Sometimes an author relates to you in such a way that you feel its impossible. Like he's inside your brain, tinkering with clockwork gears and machinery, the stuff that makes you tick. That accurate. That close to home.
When I picked up this book, the same one with that terrible 80's coverart, I'm sitting in a library, leafing my way through the enormous (and ridiculous) science fiction section. Science fiction, to me, had always seemed a little ridiculous. Not that I disliked it as a genre, bu
Dara Salley
Nov 10, 2016 Dara Salley rated it it was amazing
Like Christopher Buckley, who wrote the introduction to this collection of stories, I also discovered Ray Bradbury when I was young. I think that Bradbury’s stories are destined to appeal to a certain type of young reader, one with poetic sensibilities, a feeling of melancholy and a hidden interest in the macabre. Revisiting his stories as a more mature reader, I think they lose a little of their magic. The twist endings are not as surprising and the homey 1950’s Americana is less palatable, unl ...more
Apr 25, 2008 Mikel rated it it was amazing  ·  review of another edition
Recommends it for: everyone
Recommended to Mikel by: good fortune
I have physical, tangible memories of this book. I know I read it first in summer because I remember exactly how it felt to go from the humidity and heat outside into the almost too cool air of my town library. I remember also walking behind the central circulation desk rather than turning left, starting to look at books for adults and older readers rather than the children's/young reader books I was used to. I remember finding this on the shelves and looking up specifically "I Sing the Body Ele ...more
A couple of years ago, I was wandering through the annual book sale held by my town's library when I found this treasure. It only cost me $2. 884 pages of short stories for $2! A steal. A crime!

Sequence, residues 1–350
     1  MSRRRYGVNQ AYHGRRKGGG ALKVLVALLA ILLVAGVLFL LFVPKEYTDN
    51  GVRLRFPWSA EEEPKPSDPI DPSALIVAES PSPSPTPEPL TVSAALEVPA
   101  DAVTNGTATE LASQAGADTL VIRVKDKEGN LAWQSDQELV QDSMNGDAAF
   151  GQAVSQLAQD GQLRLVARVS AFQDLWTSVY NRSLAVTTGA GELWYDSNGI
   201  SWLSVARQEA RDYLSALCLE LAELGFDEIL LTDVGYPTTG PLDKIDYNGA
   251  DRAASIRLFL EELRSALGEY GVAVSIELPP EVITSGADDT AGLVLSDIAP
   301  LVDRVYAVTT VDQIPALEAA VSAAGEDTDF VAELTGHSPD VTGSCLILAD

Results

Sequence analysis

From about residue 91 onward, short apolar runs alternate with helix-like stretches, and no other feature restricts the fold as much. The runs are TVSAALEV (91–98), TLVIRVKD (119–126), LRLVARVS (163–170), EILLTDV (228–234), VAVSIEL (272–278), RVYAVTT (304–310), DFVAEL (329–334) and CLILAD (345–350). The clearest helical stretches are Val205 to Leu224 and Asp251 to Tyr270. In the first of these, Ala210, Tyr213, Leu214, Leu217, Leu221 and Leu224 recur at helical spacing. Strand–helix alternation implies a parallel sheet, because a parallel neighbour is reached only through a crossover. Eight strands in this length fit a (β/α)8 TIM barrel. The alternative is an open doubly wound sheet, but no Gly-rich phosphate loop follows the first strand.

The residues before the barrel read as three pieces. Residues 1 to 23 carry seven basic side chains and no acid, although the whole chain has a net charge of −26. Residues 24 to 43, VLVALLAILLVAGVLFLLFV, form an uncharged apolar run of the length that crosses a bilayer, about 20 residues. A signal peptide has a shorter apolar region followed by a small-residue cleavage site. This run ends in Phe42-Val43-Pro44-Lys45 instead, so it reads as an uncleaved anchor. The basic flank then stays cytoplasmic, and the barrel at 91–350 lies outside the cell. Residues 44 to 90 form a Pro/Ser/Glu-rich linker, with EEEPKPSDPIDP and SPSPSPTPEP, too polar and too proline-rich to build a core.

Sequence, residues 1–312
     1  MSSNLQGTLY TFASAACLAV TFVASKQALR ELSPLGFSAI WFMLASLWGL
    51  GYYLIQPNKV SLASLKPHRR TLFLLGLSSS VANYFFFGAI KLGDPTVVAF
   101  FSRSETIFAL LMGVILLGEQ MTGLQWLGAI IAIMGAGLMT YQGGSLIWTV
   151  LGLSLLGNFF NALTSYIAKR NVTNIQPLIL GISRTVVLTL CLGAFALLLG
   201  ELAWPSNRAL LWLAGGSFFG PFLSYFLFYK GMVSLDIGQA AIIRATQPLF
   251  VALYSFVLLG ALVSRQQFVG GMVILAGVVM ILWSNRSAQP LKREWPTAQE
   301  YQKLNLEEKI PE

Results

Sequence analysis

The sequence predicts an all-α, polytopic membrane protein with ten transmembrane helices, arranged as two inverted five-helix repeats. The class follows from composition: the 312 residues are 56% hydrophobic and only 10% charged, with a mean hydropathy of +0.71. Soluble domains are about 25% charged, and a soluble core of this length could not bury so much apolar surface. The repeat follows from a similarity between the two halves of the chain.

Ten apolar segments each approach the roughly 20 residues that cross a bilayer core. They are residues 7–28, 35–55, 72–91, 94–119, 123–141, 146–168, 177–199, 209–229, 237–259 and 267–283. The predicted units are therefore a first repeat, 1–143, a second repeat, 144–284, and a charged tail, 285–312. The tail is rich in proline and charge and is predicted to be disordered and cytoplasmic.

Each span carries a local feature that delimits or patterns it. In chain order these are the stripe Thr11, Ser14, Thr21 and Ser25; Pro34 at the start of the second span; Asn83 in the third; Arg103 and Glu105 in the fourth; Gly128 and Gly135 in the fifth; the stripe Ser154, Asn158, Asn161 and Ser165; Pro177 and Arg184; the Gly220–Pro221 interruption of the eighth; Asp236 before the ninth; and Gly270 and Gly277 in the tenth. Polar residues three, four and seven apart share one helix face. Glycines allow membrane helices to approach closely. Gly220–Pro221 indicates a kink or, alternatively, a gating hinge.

This collection of 100 short stories from 1943 to 1980 has been a joy to read. I've been able to re-connect with old favorites and discover new (to me) ones. It's like stepping back in time, to when the library stacks were tall and hallowed.

In this collection you'll find a wide variety of stories spanni
Oct 06, 2009 Craig rated it it was amazing  ·  review of another edition
Probably the best collection of Bradbury's stories -- from the Dark Ferris (the genesis of "Something Wicked this way Comes")to his hilarious vampire stories (a dysfunctional family who just happens to be vampire -- my favorite is "Uncle Einar") to "Homecoming," "There Will Come Soft Rains," "The Fog Horn," and one of my personal favorites, "The Scythe," which explains the origins of the 'grim reaper.' I think Bradbury's short fiction, not King's, will be remembered in 100 years. Bradbury will b ...more
Mar 25, 2011 Katie rated it really liked it  ·  review of another edition
Shelves: books-i-own, sci-fi
THIS BOOK IS AWESOME. Ray Bradbury is the master of short stories. I highly recommend getting this book & using it to fill the time between reading your other books. It has 100 fantastic short stories in it. It's hard to read one after the other clear to the I've been breaking it up. I've thoroughly enjoyed Bradbury's writing. It's truly *literature* & not just this fluffy stuff that everyone writes these days. Yet it's still easy to read. :)
Jul 03, 2007 Eleanor rated it really liked it  ·  review of another edition
Bought this in a second-hand bookshop when I was 9 or so. I've read every story multiple times, and they are AMAZING. The landscapes of these tales -- Mars, Ireland, rural Illinois, outer space, carnival shows -- these were the landscapes of my imagination when I was a kid. Bradbury is a phenomenal writer, a wonderful introduction to the craft. My favorites include "The Veldt," "The Foghorn," "The Last Night of the World," "The Long Rains." I could go on, they're all so good.